Conversely, you can find the network address by determining the first usable host address and subtracting one from that. The last IP address on a particular IP subnet is the network broadcast address. If you were to set all host bits to 1, this would allow you to calculate the network broadcast address. If you then want to define the last usable IP address that you can assign to a workstation or some other device on that subnet, you would find the network broadcast address and the last usable host address would be one number lower than that broadcast address.
Let’s now take what we know about the network address, the first usable IP address, the broadcast address, and the last usable IP address and do some calculations using actual IP values. So let’s take the IP address of 10.74.222.11, and when we perform this calculation, let’s assume that we’re using the default values or the class-based subnet masks. We know that anything that starts with an IP address of 10 into the Class A subnet range, which means the subnet mask will be 255.0.0.0.
Now that we know the subnet mask, we’re able to draw that line that will separate out the network part of the IP address versus the host part of the IP address, and let’s put those into a particular chart. We know our network value is everything to the left of the line, so that would be 10, and then our host values would be everything to the right of the line, which would be 74.222.11. To find the network address, then, we set all of the host bits to 0. So instead of 74.222.11, we have 0.0.0, which means the network address is 10.0.0.0 for this particular IP subnet.
To find the first available host on the subnet, we add 1 to the network address, which means the first available host could use an IP address of 10.0.0.1. To find the broadcast address for this network, we would change all of these host bits to be 1 in binary, which means that our broadcast address would be 10.255.255.255. And to find the last available host that you could use on this IP subnet, we subtract 1 from the broadcast address, making the last available IP address on the subnet 10.255.255.254.
Let’s perform the same calculations with another IP address, 172.16.88.200. We first need to determine what the default class would be for this IP address, and if we look at the first octet, which is 172, that falls into the range of a Class B IP address. A Class B IP address will then use the default subnet mask of 255.255.0.0. For a Class B address, then, we’re drawing the line right in the middle between the 255.255 and the 0.0, which means that we have a 172.16 on one side of the line and 88.200 on the other side. With this Class B address, then, our subnet mask separates this IP address into two sides, where the 172.16 is our network and the 88.200 is on the host side of this particular IP address. To find the network address, we need to set the host values to 0, so the network address is going to be 172.16.0.0.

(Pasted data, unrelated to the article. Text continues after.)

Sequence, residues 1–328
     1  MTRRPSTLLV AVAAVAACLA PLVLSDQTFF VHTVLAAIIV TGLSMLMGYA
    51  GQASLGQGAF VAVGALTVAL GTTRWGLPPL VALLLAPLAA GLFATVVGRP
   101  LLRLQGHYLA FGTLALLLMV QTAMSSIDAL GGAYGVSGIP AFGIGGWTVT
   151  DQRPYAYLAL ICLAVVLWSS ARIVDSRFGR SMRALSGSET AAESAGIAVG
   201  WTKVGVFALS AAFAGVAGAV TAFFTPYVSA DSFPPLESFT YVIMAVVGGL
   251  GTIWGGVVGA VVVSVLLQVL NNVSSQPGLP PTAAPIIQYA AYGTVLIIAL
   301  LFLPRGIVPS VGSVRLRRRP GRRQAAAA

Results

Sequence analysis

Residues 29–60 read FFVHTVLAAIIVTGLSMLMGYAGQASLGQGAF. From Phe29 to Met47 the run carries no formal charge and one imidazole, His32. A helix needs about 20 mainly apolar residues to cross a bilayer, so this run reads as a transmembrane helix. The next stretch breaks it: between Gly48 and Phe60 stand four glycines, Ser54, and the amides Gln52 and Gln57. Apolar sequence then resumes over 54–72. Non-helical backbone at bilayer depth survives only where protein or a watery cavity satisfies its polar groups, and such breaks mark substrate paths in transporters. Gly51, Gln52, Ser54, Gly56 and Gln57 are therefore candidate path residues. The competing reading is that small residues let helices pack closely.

To find the first available host on this network, we add 1 to the network address, which means the first IP available on this subnet is 172.16.0.1. To find the broadcast address for this subnet, we’re going to set all those hosts bits to 1, meaning they will be 255.255, making the broadcast address 172.16.255.255. And the last available IP address will be 1 fewer than the broadcast address, making it 172.16.255.254.
Let’s perform one more calculation with an IP address of 192.168.4.77. If we look at that first octet of 192, we know this is a Class C address so it will have a default subnet mask of 255.255.255.0. That means we’re going to draw the line right after that third octet, making the 192.168.4 the network part of the address, and the 77 as the host part of the address. To find the network address, then, we’re going to set all the host bits to 0, and there’s only a single octet of those. So the network address is 192.168.4.0. The first available IP address on the subnet will be 1 value larger than the network address, or 192.168.4.1. To calculate the broadcast address, we need to change all the host bits to 1, making that decimal value 255, which means the broadcast address is 192.168.4.255. That also means if we subtract 1 from that, we have the last available host address on this network, or 192.168.4.254.
As you can see, if the subnet mask happens to fall in that Class A, B, or C range, it becomes relatively easy to calculate all of these values. In future videos, we’ll show you how to calculate exactly the same information, even if that delineation is not on that Class A, B, or C range of subnet masks.